"I attend Mass frequently. The liturgy of St John Chrysostom is one of the most exalted works of art. Anyone following the liturgy of the Greek Orthodox service attentively trying to comprehend the meaning of each ceremony will be stirred to the very depth of his being. I am also very fond of evening prayers. There is nothing like entering an ancient church on a Saturday, standing in the semi-darkness with the scent of incense wafting through the air, lost in deep contemplation to find an answer to those perennial questions: wherefore, when, whither and why?" These are the words of Tchaikovsky writing to his patron Nadezhda von Meck (who he never met), and he continued, ‘As you can see, I am still bound to the Church by strong ties, but on the other hand I have long ceased to believe in the dogma … this constant inner struggle would be enough to drive me out of my mind were it not for music, that great comforter, the most exquisite gift Heaven has bestowed on a mankind living in darkness.’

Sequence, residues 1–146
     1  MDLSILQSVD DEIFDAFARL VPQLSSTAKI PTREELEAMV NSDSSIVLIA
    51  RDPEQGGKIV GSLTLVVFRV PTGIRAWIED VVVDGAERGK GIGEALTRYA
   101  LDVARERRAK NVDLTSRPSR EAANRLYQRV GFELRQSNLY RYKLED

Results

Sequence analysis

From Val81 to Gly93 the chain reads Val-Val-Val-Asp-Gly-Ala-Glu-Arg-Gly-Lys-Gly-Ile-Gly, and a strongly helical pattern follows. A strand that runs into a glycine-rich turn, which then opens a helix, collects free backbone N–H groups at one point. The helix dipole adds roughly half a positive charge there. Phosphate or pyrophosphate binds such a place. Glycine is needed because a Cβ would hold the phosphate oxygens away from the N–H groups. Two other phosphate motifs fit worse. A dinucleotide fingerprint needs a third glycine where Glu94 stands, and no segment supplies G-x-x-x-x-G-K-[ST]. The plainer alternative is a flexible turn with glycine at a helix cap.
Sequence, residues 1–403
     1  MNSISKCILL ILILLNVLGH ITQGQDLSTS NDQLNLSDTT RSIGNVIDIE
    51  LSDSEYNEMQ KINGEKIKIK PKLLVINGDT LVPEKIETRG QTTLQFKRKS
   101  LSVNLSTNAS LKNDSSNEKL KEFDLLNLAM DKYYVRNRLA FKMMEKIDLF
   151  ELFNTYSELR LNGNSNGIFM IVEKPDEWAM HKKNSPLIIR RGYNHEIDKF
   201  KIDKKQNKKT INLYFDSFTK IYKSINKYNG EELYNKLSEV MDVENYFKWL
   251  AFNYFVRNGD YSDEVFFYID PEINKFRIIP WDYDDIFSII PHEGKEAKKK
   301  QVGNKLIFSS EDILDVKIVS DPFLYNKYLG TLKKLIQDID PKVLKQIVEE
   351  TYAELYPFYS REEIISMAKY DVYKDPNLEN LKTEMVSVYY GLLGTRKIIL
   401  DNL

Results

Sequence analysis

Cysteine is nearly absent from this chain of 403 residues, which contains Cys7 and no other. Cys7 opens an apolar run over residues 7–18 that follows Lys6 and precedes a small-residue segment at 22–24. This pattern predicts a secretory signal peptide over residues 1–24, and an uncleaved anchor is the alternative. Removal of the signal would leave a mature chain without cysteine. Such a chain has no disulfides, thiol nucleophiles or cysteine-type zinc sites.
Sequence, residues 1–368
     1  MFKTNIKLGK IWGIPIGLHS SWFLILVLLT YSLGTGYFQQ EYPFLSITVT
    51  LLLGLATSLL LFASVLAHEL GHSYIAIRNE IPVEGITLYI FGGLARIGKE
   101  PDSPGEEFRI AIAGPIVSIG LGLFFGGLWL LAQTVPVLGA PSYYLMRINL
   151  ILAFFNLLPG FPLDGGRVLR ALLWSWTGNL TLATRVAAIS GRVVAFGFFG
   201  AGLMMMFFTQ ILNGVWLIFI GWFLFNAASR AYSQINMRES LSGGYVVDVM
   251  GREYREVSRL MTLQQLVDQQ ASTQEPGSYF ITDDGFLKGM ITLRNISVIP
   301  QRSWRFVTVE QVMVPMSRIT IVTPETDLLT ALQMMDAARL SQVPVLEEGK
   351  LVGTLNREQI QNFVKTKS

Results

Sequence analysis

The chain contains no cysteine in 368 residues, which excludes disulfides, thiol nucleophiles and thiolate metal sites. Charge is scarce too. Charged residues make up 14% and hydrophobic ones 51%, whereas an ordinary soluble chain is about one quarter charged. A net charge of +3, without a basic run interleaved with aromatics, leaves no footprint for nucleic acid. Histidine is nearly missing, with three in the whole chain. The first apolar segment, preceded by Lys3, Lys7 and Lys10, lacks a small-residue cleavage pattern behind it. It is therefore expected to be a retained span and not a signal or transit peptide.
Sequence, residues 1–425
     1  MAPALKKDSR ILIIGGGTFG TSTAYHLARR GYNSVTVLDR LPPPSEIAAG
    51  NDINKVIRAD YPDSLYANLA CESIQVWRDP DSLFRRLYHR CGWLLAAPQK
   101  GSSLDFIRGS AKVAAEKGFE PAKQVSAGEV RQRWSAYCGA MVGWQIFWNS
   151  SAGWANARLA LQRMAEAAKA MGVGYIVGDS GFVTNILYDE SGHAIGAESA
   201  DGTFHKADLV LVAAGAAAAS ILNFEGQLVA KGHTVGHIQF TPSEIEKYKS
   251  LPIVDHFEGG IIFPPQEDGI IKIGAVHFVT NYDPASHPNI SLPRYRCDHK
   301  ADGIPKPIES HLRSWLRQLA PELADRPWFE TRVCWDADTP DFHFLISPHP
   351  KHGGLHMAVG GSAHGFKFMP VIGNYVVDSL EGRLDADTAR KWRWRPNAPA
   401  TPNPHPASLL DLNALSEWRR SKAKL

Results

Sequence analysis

Like Rachmaninoff a few years later, Tchaikovsky had ceased to be a true believer, but he was still drawn to the Church, and was deeply moved by the music of the Orthodox Church. In his case, the conflict between the Church and his homosexuality must have added to his spiritual turmoil. However, he produced some of his most personal and moving music in this setting of the liturgy of the fourth century Patriarch of Constantinople, St John Chrysostom. Although the work met with a mixed response upon its premiere in 1880, this usually ultra-sensitive and self-critical composer was not unduly concerned by the criticism. He knew he had produced a masterpiece, and commented that the performance was one of the happiest moments of his life.
- Recorded in 2001.
- Sung texts can be found on www.orthodoxliturgicaltext.com